By this point, I already knew beyond any doubt that there was something incredibly special about this family. This is a family that doesn’t just raise their kids, but cultivates them, they integrate within them love, inclusion, happiness, and to a very high degree, the pursuit of education. That’s how Gilad got to be the way he was.
I knew that I wanted to maintain this friendship with Gilad, but after a few months that we never got together, we unfortunately fell out of touch. It wasn’t until almost two years later, about one year ago, when we were both enrolled in the Medics Course in the IDF that we rekindled our friendship. I noticed him in the hall on the first day of the course, rubbed my eyes in disbelief and ran over to him to say hi. I wasn’t sure if he would even remember me, but sure enough he swiveled around, and with his same huge smile blurted out “Max! what are you doing here?!” We spoke for a few minutes to catch up, but then it was time to go, so we went off with our respective commanders. Throughout the course he would always shoot me high fives whenever we would see each other passing by in the halls, and shout out in English in a very good American accent in front of everybody, “Hey Max! How’s it going?” He was the kind of person that even on your blackest of days, he could make you happy with just a smile. He radiated positive energy, and everybody around him could feel it. I think that is the most important thing in life, making those around you feel good, so to me, he was someone who had mastered life. I learned a lot from him, and iI can easily say that he had a very significant impact on my own life. I hope that now, he will still be able to teach and inspire people, through stories of the great person that he was.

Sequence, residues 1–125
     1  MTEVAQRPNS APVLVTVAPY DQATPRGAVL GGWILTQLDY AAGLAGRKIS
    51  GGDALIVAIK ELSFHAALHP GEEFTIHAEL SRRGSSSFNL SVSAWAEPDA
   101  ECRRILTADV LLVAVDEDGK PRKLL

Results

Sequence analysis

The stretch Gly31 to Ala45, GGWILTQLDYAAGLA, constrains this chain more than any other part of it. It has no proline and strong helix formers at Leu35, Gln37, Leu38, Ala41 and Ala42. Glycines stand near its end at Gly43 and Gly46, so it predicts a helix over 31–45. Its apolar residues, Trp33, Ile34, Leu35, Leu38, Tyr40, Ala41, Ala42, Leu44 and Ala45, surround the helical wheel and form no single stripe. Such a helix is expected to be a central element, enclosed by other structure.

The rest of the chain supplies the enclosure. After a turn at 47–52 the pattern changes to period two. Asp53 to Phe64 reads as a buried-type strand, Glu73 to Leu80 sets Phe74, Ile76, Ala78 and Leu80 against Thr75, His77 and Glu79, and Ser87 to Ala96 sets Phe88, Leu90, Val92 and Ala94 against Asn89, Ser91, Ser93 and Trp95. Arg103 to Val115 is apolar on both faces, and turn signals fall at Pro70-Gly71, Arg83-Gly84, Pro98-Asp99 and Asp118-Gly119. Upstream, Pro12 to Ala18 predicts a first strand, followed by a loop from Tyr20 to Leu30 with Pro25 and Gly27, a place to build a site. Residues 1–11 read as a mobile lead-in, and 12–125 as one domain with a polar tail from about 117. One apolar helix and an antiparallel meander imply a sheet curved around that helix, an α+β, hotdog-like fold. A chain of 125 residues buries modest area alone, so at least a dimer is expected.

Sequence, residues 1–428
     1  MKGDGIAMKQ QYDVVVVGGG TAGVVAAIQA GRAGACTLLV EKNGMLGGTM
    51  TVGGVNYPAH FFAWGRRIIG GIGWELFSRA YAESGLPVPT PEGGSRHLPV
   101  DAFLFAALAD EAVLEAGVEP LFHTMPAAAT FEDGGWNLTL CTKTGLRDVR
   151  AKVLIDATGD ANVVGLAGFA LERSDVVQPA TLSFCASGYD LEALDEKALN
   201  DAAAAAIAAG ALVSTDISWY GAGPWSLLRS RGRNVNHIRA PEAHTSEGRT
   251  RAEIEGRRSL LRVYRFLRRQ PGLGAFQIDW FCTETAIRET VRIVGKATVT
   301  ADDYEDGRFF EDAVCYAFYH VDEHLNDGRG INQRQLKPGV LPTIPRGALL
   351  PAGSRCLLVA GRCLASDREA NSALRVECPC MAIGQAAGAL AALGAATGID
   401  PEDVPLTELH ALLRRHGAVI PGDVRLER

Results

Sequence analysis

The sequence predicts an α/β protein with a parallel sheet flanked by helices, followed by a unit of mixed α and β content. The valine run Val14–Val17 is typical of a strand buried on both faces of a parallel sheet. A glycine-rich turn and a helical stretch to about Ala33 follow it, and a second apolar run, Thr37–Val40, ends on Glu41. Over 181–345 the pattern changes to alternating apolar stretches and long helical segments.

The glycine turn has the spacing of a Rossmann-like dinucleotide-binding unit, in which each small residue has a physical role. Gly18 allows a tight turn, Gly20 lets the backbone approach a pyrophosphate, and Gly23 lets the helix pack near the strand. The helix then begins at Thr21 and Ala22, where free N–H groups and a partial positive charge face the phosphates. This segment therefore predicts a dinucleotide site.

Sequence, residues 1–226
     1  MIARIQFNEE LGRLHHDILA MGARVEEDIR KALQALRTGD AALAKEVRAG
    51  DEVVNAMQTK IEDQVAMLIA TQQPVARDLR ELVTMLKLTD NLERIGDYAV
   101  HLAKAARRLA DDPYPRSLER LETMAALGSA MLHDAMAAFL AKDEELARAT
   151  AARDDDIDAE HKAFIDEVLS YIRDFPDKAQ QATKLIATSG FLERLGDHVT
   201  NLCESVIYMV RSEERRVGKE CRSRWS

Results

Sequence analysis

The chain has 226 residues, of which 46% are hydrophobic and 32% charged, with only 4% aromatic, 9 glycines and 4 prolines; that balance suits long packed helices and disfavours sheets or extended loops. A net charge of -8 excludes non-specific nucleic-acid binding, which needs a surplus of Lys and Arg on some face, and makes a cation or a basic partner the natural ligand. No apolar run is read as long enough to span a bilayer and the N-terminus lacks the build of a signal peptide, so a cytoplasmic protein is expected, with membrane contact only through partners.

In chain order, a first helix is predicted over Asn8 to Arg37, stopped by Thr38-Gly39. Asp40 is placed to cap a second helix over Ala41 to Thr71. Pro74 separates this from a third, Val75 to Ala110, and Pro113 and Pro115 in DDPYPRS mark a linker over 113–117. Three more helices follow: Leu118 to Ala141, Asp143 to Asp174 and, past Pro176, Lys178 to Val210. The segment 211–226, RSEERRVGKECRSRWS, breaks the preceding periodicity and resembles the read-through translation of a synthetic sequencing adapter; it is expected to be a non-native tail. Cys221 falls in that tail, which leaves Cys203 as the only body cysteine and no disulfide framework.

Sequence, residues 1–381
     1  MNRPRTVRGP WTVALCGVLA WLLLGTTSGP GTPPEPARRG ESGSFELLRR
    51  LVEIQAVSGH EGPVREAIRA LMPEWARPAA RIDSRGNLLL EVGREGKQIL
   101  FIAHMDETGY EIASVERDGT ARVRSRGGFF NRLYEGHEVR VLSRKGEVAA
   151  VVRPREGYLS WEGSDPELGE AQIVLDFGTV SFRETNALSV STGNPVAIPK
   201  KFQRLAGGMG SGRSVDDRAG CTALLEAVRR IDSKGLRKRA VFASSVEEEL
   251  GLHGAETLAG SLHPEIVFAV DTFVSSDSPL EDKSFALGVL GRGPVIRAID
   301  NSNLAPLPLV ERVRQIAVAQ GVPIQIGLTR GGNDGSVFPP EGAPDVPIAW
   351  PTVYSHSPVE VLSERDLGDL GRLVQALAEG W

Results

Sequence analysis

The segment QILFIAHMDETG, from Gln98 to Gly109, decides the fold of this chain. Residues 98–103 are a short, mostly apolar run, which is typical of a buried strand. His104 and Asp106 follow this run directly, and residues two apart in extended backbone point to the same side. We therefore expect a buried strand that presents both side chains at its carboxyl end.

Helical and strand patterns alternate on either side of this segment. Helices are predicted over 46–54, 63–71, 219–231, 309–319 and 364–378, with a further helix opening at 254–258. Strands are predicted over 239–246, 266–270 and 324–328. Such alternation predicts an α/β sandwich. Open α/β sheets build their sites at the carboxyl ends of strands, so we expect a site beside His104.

Gilad, your memory lives on.
If you yourself, or someone you know is going through a hard time, and the thought of suicide has crossed your mind, please seek help from professionals. Here are two hotlines, one for USA, and one for Israel. There are also a huge number of other resources that can be easily found online. Stay Safe
Suicide Hotline in Israel: 1201
Suicide Hotline in America: 1800-273-8255